Just because it’s new does that make it innovative?
The past few months I have consciously stepped back from social media and made an effort to read more widely. And rather the snippets of articles or blogs I was consuming to instead pick up books. Rather than reading the next teaching/learning edu hot pick of the moment I found myself in my local library glancing at the shelves, random books selected and picked through when I have a spare 10 minutes.
What this new habit has given me is time, brain space to think and ponder rather than consume ideas and options without giving myself the chance to percolate and build, break or bin them.
The last few days I have found my eyes wandering back to twitter, the one place that used to hold so much of my attention and now the lure seems weak. The fragments of edu chats Ive spotted seem to resemble the same 140 characters I was hungrily reading two years ago as a newly minted teacher heading into the trenches*.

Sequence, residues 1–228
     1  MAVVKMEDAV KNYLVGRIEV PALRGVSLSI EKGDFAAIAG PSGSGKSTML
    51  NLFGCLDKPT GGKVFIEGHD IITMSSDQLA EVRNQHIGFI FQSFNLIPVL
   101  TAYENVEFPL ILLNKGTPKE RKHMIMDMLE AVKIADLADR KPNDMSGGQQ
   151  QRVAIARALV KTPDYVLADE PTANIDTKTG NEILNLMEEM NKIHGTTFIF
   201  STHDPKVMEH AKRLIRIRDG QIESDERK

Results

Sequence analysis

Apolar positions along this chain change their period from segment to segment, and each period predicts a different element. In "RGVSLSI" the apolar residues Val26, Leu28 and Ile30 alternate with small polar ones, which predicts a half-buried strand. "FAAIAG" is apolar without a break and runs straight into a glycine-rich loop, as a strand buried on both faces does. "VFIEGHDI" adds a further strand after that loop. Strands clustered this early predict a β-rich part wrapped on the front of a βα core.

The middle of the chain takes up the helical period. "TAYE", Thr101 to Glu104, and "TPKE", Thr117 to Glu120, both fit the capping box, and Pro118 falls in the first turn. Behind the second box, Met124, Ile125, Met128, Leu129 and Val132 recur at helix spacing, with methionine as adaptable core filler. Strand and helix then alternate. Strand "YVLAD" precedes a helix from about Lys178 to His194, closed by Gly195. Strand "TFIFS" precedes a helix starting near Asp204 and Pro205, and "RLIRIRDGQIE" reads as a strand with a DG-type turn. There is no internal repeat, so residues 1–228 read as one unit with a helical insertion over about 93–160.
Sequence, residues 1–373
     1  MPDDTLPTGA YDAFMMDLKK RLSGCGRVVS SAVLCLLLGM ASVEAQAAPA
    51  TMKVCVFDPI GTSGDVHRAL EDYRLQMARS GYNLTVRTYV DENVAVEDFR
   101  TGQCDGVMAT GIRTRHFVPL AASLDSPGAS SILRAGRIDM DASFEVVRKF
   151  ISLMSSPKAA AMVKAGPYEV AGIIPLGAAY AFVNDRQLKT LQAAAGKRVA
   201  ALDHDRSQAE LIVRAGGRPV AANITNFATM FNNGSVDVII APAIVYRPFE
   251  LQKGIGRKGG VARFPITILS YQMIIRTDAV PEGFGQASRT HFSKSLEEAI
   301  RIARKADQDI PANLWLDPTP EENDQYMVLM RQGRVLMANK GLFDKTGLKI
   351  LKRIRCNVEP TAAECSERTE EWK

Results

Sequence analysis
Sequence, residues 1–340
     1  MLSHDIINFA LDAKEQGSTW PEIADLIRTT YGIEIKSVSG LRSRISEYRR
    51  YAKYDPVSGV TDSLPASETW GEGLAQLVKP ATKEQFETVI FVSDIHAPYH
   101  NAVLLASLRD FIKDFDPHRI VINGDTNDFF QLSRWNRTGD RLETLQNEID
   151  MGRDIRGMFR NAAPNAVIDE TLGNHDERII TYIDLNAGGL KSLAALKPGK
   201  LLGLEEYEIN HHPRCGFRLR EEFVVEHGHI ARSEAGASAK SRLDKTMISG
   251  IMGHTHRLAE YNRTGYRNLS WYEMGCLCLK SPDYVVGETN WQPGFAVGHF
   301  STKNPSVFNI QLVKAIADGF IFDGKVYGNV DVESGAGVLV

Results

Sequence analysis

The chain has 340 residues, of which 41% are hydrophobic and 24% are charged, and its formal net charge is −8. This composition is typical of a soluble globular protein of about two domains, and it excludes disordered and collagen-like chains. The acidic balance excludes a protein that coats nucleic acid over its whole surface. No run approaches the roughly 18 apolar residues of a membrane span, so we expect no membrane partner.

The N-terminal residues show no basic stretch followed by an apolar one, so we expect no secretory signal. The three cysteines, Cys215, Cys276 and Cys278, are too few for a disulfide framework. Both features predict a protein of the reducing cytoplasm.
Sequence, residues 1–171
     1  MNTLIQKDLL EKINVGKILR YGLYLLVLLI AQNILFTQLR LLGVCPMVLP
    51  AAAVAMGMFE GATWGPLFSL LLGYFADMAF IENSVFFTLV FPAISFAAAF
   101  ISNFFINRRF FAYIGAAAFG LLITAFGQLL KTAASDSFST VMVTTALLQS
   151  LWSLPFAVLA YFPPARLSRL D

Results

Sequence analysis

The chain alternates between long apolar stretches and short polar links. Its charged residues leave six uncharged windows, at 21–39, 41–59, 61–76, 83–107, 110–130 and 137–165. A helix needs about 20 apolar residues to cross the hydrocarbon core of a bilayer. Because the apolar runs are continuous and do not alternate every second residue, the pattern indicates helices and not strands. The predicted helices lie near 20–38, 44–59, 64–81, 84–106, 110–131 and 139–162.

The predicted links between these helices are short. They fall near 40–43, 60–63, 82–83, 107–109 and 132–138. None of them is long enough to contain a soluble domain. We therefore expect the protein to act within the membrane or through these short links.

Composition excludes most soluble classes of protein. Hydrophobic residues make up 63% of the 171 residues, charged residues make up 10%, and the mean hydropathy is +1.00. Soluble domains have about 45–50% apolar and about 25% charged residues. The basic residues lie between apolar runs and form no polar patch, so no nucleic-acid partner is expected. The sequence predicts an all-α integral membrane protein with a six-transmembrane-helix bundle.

I came across a chat with a question asking – what is the difference in an ‘innovative’ classroom compared to a traditional – and glanced at responses, beginning to question what I would call innovative.
Answers seemed to display a bitter taste of the term traditional and a burning need to get to this innovative wonderland of technolour and whiteboard table awesomeness.
Its got me thinking – Is this search for the new innovative thing closing the doors on other options?
Are we all scrambling to hold open as many doors as possible incase we may need to step into them that we are simultaneously not doing anything or at any depth to make an impact anyway.
..to be continued
*as our lecturer would continually remind us dredging up visions of war torn classrooms strewn with debris